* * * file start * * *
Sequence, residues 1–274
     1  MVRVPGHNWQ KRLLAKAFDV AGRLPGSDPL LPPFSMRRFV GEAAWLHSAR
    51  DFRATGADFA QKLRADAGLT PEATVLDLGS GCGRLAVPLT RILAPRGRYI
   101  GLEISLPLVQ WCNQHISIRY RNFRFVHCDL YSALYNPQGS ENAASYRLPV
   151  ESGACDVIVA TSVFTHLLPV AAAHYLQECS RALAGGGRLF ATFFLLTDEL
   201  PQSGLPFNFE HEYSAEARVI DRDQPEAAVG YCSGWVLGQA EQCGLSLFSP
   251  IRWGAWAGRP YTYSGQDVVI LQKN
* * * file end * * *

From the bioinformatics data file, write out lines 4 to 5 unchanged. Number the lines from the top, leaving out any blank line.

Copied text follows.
   101  GLEISLPLVQ WCNQHISIRY RNFRFVHCDL YSALYNPQGS ENAASYRLPV
   151  ESGACDVIVA TSVFTHLLPV AAAHYLQECS RALAGGGRLF ATFFLLTDEL